Enhancing Demonstration-Based Recognition Tools with Interactive Declarative Guidance for Authoring Touch Gestures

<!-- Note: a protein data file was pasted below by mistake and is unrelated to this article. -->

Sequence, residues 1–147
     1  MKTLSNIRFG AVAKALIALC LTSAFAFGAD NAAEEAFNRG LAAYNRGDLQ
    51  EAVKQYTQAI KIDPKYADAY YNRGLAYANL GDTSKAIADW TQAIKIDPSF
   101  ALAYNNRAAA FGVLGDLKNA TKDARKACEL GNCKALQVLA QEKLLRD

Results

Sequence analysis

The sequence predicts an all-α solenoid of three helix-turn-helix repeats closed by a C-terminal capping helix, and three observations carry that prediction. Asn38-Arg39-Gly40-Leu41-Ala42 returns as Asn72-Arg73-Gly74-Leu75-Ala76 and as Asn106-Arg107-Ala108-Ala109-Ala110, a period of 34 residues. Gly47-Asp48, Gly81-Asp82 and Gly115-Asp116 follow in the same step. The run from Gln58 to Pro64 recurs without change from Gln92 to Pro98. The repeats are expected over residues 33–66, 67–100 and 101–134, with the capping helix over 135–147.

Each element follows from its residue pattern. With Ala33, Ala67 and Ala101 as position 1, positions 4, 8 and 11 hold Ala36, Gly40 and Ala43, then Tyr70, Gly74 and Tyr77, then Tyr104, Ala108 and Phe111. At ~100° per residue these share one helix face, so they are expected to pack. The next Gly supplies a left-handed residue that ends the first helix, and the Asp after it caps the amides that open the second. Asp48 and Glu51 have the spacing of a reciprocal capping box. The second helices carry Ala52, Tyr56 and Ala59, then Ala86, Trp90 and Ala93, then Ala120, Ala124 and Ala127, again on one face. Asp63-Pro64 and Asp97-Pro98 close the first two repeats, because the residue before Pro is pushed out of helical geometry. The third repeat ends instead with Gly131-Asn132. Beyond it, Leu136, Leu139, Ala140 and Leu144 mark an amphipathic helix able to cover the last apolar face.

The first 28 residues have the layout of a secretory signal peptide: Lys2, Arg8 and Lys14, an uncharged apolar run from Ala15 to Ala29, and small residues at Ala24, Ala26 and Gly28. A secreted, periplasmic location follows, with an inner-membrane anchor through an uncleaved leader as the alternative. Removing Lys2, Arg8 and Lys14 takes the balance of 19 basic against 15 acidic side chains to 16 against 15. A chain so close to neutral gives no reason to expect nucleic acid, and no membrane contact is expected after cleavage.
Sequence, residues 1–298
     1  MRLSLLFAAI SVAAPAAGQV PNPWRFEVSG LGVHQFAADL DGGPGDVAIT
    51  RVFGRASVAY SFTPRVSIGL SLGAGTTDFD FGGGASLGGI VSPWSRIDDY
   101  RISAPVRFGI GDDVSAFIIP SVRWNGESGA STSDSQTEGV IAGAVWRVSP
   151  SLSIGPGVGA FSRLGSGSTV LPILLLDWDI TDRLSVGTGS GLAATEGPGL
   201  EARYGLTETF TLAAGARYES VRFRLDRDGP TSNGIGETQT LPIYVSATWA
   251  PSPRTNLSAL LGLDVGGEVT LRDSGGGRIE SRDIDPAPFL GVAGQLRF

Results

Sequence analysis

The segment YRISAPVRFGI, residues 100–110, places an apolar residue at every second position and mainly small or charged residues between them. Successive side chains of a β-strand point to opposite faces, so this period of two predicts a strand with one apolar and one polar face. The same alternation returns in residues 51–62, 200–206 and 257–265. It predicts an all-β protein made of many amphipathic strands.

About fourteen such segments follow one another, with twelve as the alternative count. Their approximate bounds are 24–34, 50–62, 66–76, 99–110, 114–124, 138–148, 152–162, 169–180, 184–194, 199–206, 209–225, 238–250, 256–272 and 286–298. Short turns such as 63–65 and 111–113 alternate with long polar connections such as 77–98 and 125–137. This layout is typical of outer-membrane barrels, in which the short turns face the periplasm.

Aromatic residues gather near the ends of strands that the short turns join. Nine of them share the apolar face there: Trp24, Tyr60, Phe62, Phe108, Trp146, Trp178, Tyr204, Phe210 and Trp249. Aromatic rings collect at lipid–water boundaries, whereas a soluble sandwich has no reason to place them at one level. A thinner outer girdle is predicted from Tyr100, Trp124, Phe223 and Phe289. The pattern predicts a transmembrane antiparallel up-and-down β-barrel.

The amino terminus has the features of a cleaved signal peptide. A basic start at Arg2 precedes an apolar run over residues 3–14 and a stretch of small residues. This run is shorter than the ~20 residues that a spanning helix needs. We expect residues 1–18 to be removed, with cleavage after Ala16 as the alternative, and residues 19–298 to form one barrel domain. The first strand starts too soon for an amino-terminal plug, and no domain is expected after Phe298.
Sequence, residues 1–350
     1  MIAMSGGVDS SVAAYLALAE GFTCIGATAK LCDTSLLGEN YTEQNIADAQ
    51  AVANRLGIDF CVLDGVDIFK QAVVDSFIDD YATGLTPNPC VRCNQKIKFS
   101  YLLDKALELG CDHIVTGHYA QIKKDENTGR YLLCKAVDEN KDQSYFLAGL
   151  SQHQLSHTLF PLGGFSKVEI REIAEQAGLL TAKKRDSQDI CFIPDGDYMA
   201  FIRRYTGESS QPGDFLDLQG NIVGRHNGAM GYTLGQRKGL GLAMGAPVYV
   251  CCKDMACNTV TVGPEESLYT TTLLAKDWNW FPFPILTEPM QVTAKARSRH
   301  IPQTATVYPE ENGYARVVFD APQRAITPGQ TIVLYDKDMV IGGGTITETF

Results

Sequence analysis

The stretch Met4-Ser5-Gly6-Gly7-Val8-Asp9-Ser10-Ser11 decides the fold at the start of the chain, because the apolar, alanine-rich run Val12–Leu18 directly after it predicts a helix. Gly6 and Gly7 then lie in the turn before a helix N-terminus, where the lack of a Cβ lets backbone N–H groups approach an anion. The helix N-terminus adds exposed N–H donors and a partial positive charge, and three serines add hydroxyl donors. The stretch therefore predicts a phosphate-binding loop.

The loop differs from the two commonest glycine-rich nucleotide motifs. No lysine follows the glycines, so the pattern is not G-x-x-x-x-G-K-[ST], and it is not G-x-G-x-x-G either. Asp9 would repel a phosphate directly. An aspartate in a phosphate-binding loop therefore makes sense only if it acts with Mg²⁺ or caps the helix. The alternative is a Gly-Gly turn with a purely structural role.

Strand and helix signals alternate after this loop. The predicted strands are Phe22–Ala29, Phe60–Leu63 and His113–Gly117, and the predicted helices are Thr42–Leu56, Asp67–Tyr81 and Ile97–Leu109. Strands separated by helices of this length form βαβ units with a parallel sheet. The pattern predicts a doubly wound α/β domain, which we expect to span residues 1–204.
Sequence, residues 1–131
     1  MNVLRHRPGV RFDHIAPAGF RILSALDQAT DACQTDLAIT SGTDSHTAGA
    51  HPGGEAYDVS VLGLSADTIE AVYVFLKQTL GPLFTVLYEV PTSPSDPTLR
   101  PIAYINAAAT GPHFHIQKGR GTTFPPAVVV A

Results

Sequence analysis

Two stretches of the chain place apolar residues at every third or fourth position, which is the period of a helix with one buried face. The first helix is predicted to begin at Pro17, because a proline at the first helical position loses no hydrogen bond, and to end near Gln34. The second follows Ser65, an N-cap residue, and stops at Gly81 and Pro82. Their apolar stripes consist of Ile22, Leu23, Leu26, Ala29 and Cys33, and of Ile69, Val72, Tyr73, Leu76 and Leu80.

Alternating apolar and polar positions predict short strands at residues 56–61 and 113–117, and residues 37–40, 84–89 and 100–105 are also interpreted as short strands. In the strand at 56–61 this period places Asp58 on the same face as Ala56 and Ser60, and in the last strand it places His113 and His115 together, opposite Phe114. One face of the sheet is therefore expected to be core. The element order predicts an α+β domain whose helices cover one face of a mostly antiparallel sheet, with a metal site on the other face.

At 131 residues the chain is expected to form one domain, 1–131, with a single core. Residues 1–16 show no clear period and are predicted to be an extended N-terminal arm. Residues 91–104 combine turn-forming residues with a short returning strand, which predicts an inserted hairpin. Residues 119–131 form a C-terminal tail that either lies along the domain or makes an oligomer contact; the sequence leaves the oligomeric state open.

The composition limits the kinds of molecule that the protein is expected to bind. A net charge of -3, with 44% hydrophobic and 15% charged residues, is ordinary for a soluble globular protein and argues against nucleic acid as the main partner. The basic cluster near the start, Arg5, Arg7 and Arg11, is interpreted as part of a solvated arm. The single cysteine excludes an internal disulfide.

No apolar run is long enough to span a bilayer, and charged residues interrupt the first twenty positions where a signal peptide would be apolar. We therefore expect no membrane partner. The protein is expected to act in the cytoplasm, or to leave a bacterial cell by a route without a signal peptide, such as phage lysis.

The rise of ubiquitous touchscreen devices highlights the needs and opportunities for touch gesture interaction. However, creating touch gesture support remains difficult, and using a pre-packaged library for a fixed set of touch gestures limits expressiveness. This dissertation addresses this problem through a set of novel touch gesture recognition tools. It examines the implementation challenges that developers face in authoring touch gestures and discusses the design, development, and validation of three touch gesture recognition tools. Specifically, this dissertation presents: (1) Gesture Coder, a pure demonstration based tool for authoring multi-touch gestures, (2) Gesture Studio, a tool for authoring multi-touch gestures that enhances a demonstration-based approach with declarative composition through a timeline visualization, and (3) Gesture Script, a tool for authoring symbolic gestures that enhances a demonstration-based approach by allowing explicit declarative specification of gesture structures through rendering scripts. These systems illustrate new strategies in designing support for interactive declarative guidance to enhance demonstration-based recognition tools. These systems demonstrate the thesis of this dissertation that enhancing demonstration-based recognition tools with interactive declarative guidance can provide developers with new forms of control over their learning systems, thereby preserving the low threshold of demonstration-based systems while raising the ceiling on their capabilities.